MILAN — Strong growth in North America’s wholesale market and in Mainland China helped Safilo Group rebound in the third quarter.
In the three months ended Sept. 30, an uptick in the top line and cost savings allowed the Italian eyewear company to report adjusted earnings before interest, taxes, depreciation and amortization of 14.3 million euros, up 9.3 percent compared to the same quarter of 2019. Thanks to the progress recorded in the third quarter, Safilo managed to reduce the group’s negative adjusted EBITDA in the first nine months of 2020 to 13.9 million euros, compared to a loss of 28.3 million euros in the first half of 2020. Safilo’s adjusted EBITDA was a profit of 54.3 million euros in the first nine months of 2019.
In the third quarter, sales rose 3 percent to 219.1 million euros, compared with 212.8 million euros in the year-ago period. At constant exchange, they rose 6 percent.
In a call with analysts on Tuesday at the end of trading in Milan, where Safilo is publicly listed, chief executive officer Angelo Trocchia noted that the recent acquisitions of Blenders Eyewear and Privé Revaux, which added 26.5 million euros to the group’s North America business, also contributed to the full-quarter results and boosted the group’s online business, together with the progress of the Smith brand’s direct-to-consumer channel. Safilo’s online channel now accounts for around 16 percent of revenues, up from about 3 percent in the same period of 2019.
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The third quarter could not entirely offset the nine-month performance, which was hurt by the coronavirus pandemic and the global lockdowns, as Safilo reported a 21.7 percent decrease in sales to 554.7 million euros, compared with 708.7 million euros in the same period last year.
In addition to its own brands Carrera, Polaroid, Smith and Safilo, the group produces and distributes eyewear for labels ranging from DB Eyewear by David Beckham, Missoni, Marc Jacobs and Moschino to Tommy Hilfiger, Under Armour and Levi’s. Safilo expects the exit of the Dior brand to begin Jan. 1, and the Fendi label to begin July 1.
Trocchia touted improvements in all of Safilo’s core markets and channels in the third quarter, trumpeting the performance of North America, and “an outstanding growth in China” as well as more positive results in parts of Europe, such as Italy, Germany and France.
He underscored Safilo’s digital transformation and its direct-to-consumer strategy, which gained steam and relevance in the quarter. In August, Safilo launched its new business-to-business platform in Europe and, in November, it rolled out a new Customer Relationship Management system. “These are the first two execution waves of a significant midterm project which goes in the direction of reshaping and enhancing the relationship, the engagement and the way we do business with our many European opticians, improving after-sales-service and client satisfaction, to ultimately increase the share of our b-to-b business,” said Trocchia.
Two important goals were achieved in the period, he continued, as Safilo secured additional liquidity with a new term loan facility of 108 million euros guaranteed by SACE, and, as reported, the company sold its Italian plant in Martignacco as part of its industrial plan to optimize the production footprint. This allowed 181 workers, out of the 212 there at the date of the sale, to join iVision Tech, another local eyewear maker, which is being relaunched.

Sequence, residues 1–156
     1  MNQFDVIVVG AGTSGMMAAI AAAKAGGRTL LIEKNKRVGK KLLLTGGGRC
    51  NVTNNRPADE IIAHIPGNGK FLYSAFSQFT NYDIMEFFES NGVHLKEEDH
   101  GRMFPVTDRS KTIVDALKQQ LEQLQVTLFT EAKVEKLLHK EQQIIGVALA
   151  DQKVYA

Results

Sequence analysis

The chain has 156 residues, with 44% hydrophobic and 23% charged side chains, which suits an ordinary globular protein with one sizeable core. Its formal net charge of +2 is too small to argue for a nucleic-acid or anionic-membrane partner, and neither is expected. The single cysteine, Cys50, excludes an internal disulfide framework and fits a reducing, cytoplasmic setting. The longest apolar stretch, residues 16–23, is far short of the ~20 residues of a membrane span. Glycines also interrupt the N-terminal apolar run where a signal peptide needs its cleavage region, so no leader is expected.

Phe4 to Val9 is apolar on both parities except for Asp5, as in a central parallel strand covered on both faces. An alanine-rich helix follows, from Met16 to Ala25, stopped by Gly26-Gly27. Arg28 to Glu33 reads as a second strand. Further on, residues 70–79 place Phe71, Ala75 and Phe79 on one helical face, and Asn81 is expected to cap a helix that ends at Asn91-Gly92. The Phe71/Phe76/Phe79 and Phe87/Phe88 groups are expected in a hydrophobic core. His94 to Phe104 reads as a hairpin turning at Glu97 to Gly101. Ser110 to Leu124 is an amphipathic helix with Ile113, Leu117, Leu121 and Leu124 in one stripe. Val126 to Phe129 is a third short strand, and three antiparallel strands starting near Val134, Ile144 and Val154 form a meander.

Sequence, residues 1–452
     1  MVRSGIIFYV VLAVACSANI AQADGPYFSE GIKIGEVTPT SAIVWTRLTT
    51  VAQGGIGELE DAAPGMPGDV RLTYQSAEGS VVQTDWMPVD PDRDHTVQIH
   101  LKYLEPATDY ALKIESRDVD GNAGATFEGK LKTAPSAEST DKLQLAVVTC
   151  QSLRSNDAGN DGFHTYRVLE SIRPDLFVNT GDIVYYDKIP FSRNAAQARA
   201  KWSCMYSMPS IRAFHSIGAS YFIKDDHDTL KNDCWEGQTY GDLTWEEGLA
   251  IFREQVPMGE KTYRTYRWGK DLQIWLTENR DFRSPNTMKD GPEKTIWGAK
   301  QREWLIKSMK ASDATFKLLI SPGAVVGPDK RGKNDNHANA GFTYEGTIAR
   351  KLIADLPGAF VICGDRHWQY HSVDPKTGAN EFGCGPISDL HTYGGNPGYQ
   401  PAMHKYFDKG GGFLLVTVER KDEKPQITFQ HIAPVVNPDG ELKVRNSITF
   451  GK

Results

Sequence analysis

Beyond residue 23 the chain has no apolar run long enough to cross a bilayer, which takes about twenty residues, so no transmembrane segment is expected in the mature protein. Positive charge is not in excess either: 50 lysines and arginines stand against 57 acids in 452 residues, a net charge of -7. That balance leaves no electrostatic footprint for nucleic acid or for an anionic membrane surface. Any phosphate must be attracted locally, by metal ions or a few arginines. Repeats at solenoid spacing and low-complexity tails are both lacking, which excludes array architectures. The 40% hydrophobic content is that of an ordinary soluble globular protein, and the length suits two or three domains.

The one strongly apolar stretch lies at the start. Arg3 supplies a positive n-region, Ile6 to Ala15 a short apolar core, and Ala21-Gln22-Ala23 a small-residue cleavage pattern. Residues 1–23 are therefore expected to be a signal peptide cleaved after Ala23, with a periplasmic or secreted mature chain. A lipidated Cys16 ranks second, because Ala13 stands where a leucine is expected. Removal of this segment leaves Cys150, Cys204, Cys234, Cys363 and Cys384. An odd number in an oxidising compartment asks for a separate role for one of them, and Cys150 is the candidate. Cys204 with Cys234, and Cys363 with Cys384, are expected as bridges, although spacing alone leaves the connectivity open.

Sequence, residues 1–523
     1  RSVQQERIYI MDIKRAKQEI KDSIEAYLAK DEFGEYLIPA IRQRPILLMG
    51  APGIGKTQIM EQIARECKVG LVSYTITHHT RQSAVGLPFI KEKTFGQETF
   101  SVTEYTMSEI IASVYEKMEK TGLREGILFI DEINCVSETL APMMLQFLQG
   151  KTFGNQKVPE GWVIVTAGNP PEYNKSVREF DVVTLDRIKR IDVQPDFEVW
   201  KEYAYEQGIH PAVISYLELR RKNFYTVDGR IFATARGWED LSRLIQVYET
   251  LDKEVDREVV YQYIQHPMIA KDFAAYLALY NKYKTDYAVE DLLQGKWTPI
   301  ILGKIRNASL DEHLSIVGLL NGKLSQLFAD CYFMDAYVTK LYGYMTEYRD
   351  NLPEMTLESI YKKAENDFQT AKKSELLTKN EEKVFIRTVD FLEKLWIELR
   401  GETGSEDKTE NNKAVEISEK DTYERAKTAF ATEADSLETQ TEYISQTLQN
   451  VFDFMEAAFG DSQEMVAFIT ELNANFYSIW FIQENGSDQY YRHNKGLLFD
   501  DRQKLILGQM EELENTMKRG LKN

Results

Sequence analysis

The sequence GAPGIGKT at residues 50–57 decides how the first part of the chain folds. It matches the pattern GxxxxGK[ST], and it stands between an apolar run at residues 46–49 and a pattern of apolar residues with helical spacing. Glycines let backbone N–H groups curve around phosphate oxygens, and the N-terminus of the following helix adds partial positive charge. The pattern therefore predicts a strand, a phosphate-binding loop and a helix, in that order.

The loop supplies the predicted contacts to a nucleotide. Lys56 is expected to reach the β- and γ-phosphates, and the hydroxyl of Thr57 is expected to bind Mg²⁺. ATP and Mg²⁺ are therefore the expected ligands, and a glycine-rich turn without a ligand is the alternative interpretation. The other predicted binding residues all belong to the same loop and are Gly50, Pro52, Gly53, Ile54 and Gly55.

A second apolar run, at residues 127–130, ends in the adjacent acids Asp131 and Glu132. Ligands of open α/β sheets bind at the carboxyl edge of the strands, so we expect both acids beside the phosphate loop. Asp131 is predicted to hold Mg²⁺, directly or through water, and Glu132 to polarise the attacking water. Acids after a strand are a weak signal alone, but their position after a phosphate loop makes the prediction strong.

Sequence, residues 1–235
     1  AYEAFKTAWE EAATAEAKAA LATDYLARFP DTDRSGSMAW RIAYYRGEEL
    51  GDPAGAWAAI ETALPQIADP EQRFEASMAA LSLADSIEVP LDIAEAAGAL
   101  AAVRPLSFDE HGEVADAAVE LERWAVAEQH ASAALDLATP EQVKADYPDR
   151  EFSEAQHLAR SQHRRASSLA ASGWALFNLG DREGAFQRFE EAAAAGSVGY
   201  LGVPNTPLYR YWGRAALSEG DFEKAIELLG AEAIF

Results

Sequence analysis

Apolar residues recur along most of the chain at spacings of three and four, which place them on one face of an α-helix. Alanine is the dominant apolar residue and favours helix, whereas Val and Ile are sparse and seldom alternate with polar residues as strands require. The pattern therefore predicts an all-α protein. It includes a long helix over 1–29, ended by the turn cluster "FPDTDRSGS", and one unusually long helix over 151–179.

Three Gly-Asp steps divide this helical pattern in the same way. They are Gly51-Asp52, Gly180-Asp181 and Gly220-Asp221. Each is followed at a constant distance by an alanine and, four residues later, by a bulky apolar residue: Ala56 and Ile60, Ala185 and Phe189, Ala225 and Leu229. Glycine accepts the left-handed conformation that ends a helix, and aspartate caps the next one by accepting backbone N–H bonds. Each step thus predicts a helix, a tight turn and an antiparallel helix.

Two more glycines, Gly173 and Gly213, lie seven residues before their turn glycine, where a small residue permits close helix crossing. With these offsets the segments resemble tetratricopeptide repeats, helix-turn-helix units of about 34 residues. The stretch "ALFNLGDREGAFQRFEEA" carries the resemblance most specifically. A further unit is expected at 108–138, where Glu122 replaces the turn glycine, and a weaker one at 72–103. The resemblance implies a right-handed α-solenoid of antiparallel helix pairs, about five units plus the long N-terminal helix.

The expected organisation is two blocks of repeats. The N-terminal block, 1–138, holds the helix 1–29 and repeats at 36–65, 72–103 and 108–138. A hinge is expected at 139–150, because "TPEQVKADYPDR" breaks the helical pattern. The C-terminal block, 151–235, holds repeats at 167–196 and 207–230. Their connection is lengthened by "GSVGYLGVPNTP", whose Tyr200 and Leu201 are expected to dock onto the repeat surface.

The month of October showed further progress, but uncertainties continue to loom due to the pandemic, and Trocchia, who spoke before the Italian government’s new restrictions to curb the infections were expected to be released, said Safilo continues “to maintain a very prudent stance for the remainder of the year, and we remain committed to providing timely updates to all our stakeholders on the evolution that the business will have in the coming months. We cannot foresee [the performance in] November and the holiday season.”
In the third quarter, prescription frames performed better than sunglasses and all of Safilo’s core licensed brands, from Kate Spade and Tommy Hilfiger to Jimmy Choo, contributed to the gains.
Smith products recorded double-digit growth in the sports-store channel and more than doubled its turnover in online channels.
In North America, sales climbed 41.5 percent to 113.1 million euros.
Europe showed a patchy performance, with revenues falling 17 percent to 79.3 million euros.
Sales in Asia-Pacific were down 9.4 percent to 15.9 million euros. The ongoing challenges in the travel-retail business, which was down in the region by 63 percent, were significantly offset by a surge in business in Mainland China. In this region, local demand and the contribution of Safilo’s new licensed brands, in particular Levi’s and Ports, pushed sales up 83 percent at constant exchange rates.
Responding to an analyst, chief financial officer Gerd Graehsler said travel retail was “never dominant” for Safilo, and “skewed toward luxury,” accounting for 4 percent of sales last year. Now it has fallen to represent 1 percent of revenues. The channel “has suffered a dramatic reduction and it will be a while before it comes back,” he said.
The Rest of the World continued to be weak, registering a 45.2 percent fall in sales to 10.9 million euros, hurt by the pandemic and economic downturns in Latin America, in Brazil in particular, India and the Middle East.
At the end of September, the group’s net debt (post-IFRS 16) stood at 201.7 million euros, compared to 188.5 million euros at the end of June.
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